||Posted - 08/01/2011 : 15:49:29
I had a recent falling out with my current best friend over her request for a favor. I did the favor but found myself resenting it. I returned her thank you gifts and tried to explain my upset. Whereupon she became upset and wouldn't speak to me for 7 months, though I reached out to her in various ways many times. She especially found the act of returning the gifts to be extremely rude, whereas I felt guilty accepting them because I wasn't happy to do the favor in the first place. We have patched things up (sort of) but I hit a new low during her 7 months avoidance of me. I've been depressed and feeling completely isolated and alone. I retired a year ago and it's been an adjustment to get myself out of the house each day and do things on my own. But since this disagreement with my friend I'm suddenly feeling afraid and insecure about going anywhere and doing anything, and almost panicky at the thought of making new friends. So I began searching for a support group to help me. Much of the advice on this website really hit home, such as "Be average" (all my life my parents have encouraged me to feel that I am of superior intelligence and ability, and how that sets me apart from people) and "Hurt feelings are beliefs not shared" (this one was really neat because when someone hurts my feelings it causes me to form a judgment against them as in "they should know better".) I like the forums plus I found the book in my library and also a group that meets in my area. I am very hopeful that I can put these tools into practice and improve my life.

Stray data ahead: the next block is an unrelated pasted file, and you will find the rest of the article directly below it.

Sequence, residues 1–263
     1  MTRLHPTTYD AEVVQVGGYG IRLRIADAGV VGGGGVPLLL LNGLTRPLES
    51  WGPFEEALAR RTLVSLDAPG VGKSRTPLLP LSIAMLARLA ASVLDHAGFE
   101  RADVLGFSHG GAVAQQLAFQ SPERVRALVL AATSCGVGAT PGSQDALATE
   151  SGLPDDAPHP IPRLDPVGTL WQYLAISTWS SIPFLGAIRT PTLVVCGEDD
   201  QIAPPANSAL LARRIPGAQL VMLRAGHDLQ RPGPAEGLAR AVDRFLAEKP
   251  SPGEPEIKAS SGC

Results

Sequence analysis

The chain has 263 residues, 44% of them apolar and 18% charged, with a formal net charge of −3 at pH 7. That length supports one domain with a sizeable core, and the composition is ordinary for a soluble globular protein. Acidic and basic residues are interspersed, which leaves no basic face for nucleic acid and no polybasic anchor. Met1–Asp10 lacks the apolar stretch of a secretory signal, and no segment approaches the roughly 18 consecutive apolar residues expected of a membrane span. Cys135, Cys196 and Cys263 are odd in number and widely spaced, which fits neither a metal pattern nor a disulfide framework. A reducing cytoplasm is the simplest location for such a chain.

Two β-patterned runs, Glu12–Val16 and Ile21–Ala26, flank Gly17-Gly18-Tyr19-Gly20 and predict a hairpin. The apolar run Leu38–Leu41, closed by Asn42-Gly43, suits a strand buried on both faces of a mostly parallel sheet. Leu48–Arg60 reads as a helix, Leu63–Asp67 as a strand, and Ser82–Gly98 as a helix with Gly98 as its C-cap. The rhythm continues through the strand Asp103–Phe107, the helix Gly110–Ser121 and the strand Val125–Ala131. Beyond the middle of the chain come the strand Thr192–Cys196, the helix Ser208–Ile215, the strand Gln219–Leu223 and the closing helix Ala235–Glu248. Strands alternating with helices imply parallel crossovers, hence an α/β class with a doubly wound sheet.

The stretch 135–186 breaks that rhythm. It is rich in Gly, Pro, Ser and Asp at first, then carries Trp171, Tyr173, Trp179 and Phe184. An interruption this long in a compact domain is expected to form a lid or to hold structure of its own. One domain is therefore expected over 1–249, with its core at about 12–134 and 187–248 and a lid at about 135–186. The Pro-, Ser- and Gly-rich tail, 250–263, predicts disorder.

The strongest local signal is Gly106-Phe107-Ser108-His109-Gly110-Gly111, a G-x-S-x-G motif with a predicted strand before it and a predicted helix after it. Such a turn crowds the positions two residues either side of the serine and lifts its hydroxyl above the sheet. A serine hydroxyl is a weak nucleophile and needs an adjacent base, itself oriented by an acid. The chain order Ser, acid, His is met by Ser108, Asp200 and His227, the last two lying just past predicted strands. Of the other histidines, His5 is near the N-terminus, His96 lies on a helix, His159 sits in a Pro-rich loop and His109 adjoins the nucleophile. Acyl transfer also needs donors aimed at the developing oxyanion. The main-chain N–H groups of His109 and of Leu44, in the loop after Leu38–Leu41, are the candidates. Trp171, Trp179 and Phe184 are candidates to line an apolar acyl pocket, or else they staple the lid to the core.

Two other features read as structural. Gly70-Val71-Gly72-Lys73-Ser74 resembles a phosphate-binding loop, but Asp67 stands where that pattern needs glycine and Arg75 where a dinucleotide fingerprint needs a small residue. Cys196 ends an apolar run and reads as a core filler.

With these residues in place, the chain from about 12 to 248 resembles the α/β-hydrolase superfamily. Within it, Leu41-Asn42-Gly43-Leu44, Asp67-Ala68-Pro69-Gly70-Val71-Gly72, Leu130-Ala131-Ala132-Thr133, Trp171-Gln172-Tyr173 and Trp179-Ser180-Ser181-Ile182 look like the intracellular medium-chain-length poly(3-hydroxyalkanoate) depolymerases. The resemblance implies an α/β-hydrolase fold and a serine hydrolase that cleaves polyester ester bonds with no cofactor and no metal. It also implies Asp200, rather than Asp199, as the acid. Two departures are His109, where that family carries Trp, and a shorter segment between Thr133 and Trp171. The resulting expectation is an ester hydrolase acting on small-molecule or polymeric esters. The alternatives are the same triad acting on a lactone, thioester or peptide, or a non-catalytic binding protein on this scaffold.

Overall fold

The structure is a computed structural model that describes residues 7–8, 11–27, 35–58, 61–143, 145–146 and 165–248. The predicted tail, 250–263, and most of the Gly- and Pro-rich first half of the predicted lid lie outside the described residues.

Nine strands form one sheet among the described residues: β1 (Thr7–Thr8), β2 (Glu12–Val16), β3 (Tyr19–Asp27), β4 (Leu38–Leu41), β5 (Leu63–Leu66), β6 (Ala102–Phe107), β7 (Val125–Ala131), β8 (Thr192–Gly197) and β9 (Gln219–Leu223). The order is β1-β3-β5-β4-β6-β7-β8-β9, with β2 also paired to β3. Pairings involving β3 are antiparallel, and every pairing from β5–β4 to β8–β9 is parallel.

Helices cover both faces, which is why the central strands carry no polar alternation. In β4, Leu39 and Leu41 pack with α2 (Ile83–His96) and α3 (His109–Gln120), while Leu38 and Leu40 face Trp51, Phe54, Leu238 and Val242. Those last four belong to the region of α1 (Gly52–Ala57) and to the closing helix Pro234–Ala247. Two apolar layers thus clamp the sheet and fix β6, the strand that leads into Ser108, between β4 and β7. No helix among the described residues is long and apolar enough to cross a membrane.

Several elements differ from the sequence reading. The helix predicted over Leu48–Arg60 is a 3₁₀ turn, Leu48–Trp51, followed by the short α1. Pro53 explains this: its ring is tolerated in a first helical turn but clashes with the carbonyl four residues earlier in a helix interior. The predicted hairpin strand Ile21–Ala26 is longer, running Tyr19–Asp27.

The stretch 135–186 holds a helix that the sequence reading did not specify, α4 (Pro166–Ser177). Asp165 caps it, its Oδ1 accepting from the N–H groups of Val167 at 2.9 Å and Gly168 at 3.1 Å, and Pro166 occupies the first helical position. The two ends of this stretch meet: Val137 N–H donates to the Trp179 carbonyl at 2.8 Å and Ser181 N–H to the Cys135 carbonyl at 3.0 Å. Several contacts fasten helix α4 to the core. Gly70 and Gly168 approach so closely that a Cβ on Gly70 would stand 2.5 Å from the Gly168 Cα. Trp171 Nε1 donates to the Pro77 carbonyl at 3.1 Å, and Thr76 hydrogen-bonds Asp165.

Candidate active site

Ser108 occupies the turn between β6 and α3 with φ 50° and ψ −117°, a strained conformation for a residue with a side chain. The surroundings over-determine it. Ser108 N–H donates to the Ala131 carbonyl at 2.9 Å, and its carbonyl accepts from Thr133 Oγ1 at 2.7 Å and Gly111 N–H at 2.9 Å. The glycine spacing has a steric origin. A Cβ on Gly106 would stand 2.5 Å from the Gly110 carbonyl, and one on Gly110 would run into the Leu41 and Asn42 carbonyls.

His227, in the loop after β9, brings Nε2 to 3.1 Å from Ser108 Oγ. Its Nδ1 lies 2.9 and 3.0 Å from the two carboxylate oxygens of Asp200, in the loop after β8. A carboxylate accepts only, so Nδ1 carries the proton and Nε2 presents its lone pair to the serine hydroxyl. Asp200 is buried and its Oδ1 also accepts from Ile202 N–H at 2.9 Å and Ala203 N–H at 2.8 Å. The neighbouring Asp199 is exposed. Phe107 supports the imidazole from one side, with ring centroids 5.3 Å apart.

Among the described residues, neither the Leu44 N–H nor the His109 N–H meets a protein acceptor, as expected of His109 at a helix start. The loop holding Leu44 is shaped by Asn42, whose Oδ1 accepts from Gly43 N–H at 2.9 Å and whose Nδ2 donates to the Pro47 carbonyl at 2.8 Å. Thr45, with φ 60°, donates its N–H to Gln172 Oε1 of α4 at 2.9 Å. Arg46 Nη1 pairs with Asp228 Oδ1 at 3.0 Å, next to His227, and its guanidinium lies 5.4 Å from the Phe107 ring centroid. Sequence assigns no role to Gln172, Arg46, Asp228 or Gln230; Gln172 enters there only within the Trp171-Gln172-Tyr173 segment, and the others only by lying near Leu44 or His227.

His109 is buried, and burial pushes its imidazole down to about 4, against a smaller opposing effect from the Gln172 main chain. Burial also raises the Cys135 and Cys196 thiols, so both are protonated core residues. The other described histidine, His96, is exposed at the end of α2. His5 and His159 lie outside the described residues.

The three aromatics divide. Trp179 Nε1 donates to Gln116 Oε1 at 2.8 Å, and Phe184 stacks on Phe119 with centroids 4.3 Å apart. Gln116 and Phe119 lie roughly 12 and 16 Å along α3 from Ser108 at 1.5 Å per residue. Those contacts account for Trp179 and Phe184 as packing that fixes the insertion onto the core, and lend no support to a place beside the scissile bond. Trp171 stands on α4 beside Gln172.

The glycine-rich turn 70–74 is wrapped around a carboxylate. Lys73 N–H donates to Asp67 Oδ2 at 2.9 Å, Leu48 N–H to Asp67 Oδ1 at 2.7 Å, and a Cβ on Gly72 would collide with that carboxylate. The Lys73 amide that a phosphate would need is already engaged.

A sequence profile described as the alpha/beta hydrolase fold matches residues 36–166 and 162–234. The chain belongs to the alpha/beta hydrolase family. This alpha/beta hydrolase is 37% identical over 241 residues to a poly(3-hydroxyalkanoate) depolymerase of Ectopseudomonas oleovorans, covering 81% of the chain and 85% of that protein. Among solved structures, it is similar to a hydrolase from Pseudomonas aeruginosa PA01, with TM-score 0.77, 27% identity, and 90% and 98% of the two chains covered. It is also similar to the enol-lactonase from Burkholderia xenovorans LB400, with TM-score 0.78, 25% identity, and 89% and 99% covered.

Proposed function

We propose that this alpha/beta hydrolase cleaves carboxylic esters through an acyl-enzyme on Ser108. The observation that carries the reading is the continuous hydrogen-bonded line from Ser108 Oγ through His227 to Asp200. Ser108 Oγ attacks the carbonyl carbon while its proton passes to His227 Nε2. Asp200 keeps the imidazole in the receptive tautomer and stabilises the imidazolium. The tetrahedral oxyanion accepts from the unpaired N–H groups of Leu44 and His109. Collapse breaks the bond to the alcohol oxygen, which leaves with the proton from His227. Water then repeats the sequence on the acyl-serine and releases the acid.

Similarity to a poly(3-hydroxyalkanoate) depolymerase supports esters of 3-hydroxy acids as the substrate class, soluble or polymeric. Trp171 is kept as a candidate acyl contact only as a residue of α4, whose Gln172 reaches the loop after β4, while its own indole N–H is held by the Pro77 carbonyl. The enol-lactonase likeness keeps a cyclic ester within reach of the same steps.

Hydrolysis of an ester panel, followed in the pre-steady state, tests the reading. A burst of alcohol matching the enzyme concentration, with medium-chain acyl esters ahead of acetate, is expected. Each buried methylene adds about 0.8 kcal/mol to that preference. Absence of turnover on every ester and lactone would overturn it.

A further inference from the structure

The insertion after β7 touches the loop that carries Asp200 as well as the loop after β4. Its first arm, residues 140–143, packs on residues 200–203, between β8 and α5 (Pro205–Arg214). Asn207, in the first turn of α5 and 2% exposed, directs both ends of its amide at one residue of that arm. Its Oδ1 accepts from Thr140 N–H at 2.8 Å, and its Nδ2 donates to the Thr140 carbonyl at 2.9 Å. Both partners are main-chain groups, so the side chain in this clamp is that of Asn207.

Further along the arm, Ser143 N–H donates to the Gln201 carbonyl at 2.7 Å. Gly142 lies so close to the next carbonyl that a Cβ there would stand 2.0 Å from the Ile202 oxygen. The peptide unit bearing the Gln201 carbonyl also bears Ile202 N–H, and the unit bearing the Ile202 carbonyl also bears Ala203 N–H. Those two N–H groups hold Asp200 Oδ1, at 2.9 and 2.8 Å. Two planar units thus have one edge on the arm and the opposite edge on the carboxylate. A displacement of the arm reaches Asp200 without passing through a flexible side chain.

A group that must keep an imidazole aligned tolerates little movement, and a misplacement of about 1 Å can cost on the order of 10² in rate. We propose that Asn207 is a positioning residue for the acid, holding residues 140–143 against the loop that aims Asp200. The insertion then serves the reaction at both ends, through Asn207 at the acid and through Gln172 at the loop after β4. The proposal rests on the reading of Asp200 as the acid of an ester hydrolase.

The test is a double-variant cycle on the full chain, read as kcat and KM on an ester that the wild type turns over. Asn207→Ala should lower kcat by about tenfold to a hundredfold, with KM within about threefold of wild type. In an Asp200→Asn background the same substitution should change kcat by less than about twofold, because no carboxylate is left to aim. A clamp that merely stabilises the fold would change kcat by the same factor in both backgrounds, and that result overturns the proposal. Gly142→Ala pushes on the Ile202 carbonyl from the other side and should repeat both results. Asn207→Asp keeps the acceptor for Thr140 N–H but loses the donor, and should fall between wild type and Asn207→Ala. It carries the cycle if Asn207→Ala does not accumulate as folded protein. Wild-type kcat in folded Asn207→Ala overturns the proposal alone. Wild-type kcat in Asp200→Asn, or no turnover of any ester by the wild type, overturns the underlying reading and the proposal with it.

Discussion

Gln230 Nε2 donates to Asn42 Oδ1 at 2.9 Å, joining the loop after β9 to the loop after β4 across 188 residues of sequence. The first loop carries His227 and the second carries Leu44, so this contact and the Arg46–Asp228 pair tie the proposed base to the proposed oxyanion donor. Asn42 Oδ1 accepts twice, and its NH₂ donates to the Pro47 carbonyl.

||Posted - 05/23/2011 : 20:16:44
I found that Recovery Int'l was an effective compliment to the 12-step programs I was in for addictions. But being dually-diagnosed I have to deal a large part with my Mental Health.Dealing alone with the addictions'element was not enough for me, I had to work on or work down my MH symptoms. When I get sober from my addictions, then RI helps me deal with stronger-emerging emotions, thus serving a compliment to 12-steps. That was main reason I got involved with recovery Int'l.
||Posted - 05/09/2011 : 21:54:30